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Latin roots help Forest Service employee grow interest in natural resources among young people

A photo of Fabian Garcia and Kids.
Fabian Garcia, seated fifth from left, represents the U.S. Forest
Service with the Southern California Consortium, which
encourages young people to consider careers in natural resources,
higher education and employment.

Fabian Garcia, a Forest Service employee for eight years, intimately understands the connection between nature and nurture.

As a young Latino growing up in an agricultural community in central California, Garcia’s world revolved around the outdoors. When he, his parents and three siblings were not working, they were fishing in nearby lakes and streams, exploring giant sequoias that towered over forests or traveled just to play in the snow.

Today, Garcia, who is now 31, works with high school students in Los Angeles as director
of the Southern California Consortium, the Forest Service conduit that helps young people connect to nature. His job has helped him to understand how his childhood connection to nature gave him peace of mind.

The Southern California Consortium is an environmental education, outreach and recruitment program that encourages young people to consider careers in natural resources, higher education and employment. It’s not always an easy sell when talking with young people who have never ventured into the woods.

“I tell young people, ‘Realize that you are nature.’ In other words, we’re not separate from it. It’s not foreign to us,” he said. “We should get to know ourselves a lot better, and the best way to do that is to surround ourselves with nature so that it gives us time to find ourselves and build peace within ourselves.”
 
The connection to nature is especially low for young Latinos. Statistically, Latinos now make up 23 percent of the under-18 population in the United States yet only 5.8 percent
of youth who participate in outdoor recreation are Hispanic, according a report by The Outdoor Foundation.

The report also states that while leisure time increased in recent years, statistically compared to other ethnicities, the Hispanic segment ranks amongst the lowest in total leisure time available. While 89 percent of Hispanics find outdoor activities fun and 82 percent believe outdoor activities are healthy, 71 percent of males and 64 percent of female Hispanics report that they do not participate in outdoor activities due to lack of time, according to the report.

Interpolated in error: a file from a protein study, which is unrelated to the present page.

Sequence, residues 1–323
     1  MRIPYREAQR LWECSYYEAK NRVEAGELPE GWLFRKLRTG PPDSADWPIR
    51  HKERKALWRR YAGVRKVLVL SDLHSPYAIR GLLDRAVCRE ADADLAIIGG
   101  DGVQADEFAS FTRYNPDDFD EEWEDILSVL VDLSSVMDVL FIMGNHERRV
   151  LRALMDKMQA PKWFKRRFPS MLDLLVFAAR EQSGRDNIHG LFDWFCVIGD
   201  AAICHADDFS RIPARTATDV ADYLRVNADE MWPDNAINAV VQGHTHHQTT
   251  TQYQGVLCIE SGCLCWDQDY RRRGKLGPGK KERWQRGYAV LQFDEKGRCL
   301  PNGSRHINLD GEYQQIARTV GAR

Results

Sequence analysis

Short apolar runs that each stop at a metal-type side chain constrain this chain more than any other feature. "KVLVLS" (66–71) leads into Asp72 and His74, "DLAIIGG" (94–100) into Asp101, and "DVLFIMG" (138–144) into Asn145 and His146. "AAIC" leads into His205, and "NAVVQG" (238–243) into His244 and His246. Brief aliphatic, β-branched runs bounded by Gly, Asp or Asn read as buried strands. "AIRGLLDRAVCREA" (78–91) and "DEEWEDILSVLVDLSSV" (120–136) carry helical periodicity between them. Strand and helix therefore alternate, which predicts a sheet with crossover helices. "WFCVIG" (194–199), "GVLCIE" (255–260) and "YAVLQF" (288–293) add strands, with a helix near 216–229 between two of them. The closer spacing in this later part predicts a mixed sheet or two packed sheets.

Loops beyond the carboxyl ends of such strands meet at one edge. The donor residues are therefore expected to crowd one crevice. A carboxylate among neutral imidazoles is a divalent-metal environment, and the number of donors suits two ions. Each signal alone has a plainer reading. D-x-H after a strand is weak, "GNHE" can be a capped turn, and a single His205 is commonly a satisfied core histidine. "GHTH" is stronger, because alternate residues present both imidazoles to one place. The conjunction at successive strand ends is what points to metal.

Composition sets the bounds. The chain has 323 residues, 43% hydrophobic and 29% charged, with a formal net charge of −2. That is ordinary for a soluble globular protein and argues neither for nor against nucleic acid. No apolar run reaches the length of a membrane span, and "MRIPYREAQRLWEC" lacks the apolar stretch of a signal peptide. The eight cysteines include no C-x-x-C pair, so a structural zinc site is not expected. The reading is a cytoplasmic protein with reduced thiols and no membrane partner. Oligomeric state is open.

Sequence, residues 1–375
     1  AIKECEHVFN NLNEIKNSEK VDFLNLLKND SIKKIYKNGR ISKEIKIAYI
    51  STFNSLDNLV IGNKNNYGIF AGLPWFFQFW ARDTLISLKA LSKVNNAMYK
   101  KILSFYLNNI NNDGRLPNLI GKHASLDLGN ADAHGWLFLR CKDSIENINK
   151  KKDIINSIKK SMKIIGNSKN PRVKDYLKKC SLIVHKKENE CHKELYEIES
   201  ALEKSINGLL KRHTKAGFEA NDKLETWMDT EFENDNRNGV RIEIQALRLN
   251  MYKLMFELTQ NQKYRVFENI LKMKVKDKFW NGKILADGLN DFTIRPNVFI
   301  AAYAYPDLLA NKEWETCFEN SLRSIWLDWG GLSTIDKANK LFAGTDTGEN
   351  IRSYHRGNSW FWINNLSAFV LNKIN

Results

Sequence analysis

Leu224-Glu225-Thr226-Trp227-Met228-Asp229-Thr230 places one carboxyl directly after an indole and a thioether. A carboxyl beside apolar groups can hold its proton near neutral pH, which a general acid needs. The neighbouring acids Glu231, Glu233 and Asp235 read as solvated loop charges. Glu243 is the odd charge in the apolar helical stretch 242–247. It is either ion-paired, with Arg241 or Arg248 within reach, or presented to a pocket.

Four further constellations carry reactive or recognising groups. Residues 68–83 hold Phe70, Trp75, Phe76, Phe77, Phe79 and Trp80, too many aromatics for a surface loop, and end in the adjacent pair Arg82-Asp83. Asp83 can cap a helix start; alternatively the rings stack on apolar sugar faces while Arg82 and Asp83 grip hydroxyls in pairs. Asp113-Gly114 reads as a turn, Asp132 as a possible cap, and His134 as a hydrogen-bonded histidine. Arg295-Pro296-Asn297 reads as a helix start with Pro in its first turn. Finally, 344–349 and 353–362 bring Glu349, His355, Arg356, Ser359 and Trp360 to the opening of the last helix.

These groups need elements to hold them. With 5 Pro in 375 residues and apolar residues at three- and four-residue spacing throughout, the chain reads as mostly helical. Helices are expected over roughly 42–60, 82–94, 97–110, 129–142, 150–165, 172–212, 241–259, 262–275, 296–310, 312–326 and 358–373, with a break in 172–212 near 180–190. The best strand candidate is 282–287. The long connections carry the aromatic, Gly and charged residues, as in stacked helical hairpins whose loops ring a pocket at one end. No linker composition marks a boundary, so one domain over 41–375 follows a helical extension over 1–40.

A photo of Fabian GarciaNaturally, the Forest Service is concerned about those numbers, especially given that most Americans live within 200 miles of a national forest or grassland. To help bridge that gap, the Forest Service and the Advertising Council recently launched a Descubre el Bosque public service advertising campaign aimed to help Latinos develop a love of nature and understand their role in protecting it. The campaign includes Spanish-language print, radio and television ads that depict a Latino family exploring the outdoors.

As a child, Garcia and his family planted a variety of plants and trees around their home that would produce meals for the family. He said he grew up with “a lot of natural wealth.” That’s the treasure he works to bring to the student in Los Angeles.

The consortium works with six L.A.-area high schools and organizations in San Bernardino, Los Angeles and Ventura counties. Each fall, 36 students help the Forest Service and other agencies at the Los Angeles County Fair, talking to fair goers about natural resources. Each summer, 18 young people head to the Angeles National Forest, which is just two hours from Los Angeles, to work on trails, learn first-hand about natural resources and, for many, experience silence.

The first two days in the woods for the Los Angeles kids sometimes takes some adjustment.

“They are a little freaked out at the silence,” Garcia said smiling. “Then they see wildlife jumping about and they shout, “Oh, my, what is that? Will that attack me?’ You look over, and it’s a deer. It’s intimidating to go to a new place. But the experience they have will stay with them for a lifetime, and no one will ever be able to take that from them.”

 

Related Content:

Ad Council video:Descubre el Bosque

 

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US Forest Service
Last modified March 29, 2013
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